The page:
Even the additions to this book, such as the appendices and end notes are unusually valuable. The author first addresses about twenty of the most likely questions a reader will still have once finished with the book, many of which this reviewer still had. He gives thorough but concise answers to each question before moving to the next appendix where he gives the reader insight into the intricacies of the selection process. This helps the reader feel as though they are a part of the process themselves, and gives them a sort of “behind the scenes” look at the development of the book. Another valuable tool is a short synopsis of information on each church, which summarizes nicely much of the information previously stated concerning each church. Whereas throughout the book the information on each church is divulged in pieces, the appendix on the churches (Appendix D) gives the complete picture on each church, including background and pastor information. As if these appendices were not enough, Rainer and his team developed a spiritual inventory of sorts to help churches assess themselves in light of the traits that helped the breakout churches leap to greatness. This assessment can act as a barometer to help churches identify their areas of weakness and help them develop an action plan to be on their way to the point of breakout.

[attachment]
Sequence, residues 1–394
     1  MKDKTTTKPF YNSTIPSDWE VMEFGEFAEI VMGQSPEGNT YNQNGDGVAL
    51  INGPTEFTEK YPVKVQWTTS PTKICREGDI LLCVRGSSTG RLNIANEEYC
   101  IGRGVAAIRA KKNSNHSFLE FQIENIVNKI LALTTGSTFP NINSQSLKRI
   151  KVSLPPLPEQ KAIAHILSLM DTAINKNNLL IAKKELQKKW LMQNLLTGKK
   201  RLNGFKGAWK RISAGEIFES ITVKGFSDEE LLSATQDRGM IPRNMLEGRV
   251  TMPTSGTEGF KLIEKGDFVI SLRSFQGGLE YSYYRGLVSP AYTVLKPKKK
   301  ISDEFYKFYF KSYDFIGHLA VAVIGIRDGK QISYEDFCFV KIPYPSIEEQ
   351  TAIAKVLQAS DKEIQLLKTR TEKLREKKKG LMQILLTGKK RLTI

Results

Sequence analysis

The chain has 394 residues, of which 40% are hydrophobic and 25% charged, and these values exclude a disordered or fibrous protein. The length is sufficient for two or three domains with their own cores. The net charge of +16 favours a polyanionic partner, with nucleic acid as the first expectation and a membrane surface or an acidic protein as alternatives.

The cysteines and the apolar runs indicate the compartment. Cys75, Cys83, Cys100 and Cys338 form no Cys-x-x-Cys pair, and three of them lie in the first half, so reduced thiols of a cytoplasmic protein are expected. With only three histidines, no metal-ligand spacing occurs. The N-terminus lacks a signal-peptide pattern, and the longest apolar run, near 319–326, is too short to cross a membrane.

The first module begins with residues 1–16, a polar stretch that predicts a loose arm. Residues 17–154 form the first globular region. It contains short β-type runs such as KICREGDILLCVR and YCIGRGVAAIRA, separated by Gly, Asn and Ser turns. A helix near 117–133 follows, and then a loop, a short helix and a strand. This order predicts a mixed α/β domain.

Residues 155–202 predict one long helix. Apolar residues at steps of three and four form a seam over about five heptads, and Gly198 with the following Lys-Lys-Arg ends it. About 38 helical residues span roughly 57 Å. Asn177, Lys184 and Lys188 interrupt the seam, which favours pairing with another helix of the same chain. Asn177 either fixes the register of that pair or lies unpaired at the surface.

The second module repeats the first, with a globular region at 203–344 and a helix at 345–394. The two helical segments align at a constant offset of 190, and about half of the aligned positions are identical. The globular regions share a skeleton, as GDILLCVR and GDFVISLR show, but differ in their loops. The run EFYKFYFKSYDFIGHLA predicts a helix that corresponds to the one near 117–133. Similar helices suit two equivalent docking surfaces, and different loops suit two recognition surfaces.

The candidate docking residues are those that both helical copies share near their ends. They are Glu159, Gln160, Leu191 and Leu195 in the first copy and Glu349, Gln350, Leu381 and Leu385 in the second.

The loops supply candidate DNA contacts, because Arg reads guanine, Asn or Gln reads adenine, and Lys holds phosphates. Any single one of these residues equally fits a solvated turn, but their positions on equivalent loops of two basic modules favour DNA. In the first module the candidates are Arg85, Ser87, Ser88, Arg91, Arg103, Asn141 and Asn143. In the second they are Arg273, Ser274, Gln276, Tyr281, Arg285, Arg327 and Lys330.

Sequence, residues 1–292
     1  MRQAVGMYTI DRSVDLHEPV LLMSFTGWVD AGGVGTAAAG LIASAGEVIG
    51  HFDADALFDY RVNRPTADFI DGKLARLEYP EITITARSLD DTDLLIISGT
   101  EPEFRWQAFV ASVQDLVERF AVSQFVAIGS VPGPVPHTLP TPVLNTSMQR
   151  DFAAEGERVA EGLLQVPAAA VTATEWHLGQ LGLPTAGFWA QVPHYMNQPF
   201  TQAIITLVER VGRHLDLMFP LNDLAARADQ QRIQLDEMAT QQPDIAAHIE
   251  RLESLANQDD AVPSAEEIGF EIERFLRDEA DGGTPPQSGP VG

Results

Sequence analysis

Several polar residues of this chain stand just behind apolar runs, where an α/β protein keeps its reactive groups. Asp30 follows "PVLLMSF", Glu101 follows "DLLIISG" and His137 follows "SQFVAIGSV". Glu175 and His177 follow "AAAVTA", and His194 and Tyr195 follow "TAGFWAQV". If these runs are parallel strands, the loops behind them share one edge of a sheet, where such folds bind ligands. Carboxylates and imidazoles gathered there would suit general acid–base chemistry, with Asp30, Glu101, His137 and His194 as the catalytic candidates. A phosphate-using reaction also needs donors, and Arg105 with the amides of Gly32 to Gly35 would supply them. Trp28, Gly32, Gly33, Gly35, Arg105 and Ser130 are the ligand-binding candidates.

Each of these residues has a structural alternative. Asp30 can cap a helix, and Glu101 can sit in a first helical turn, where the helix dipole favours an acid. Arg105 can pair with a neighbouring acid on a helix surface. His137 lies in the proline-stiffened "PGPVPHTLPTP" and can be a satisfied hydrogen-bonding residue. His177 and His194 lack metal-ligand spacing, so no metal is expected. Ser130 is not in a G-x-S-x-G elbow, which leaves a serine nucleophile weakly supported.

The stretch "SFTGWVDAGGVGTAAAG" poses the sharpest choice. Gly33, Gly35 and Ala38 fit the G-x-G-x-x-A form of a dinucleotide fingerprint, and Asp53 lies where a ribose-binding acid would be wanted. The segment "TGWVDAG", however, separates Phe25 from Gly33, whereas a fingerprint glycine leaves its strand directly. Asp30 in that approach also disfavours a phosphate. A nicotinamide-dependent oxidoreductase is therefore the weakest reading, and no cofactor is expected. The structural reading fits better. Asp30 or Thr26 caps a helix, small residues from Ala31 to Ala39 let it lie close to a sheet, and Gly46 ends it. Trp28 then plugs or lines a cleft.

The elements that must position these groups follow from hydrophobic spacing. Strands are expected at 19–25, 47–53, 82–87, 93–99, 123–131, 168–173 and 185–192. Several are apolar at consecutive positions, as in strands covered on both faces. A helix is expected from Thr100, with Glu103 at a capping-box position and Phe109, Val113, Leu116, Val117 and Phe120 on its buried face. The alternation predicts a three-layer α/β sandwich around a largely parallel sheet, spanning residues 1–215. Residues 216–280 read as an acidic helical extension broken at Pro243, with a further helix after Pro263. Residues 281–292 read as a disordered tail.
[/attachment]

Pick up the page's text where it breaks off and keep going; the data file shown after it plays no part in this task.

One of the strongest aspects of Rainer’s book lies in what the book is not. It is not a “ten-step secret to unlocking the keys to church growth” type of book that promises growth after reading a book. It isn’t like many other church growth books on the market that gives ten steps to this or forty days to this. Rainer says, honestly and humbly, and with great integrity, that “I do not want to suggest that we have discovered some neat formulaic approach for leading churches to greatness. A sovereign God and the Holy Spirit are not instruments subject to manipulation by humans” (p. 27), Rainer makes it clear that his book is about discovering insights as to how God is working in the church, and is not a ten-step guaranteed fix for any church. Ultimately, only Christ can build His church, and Rainer’s thesis and book supports that idea.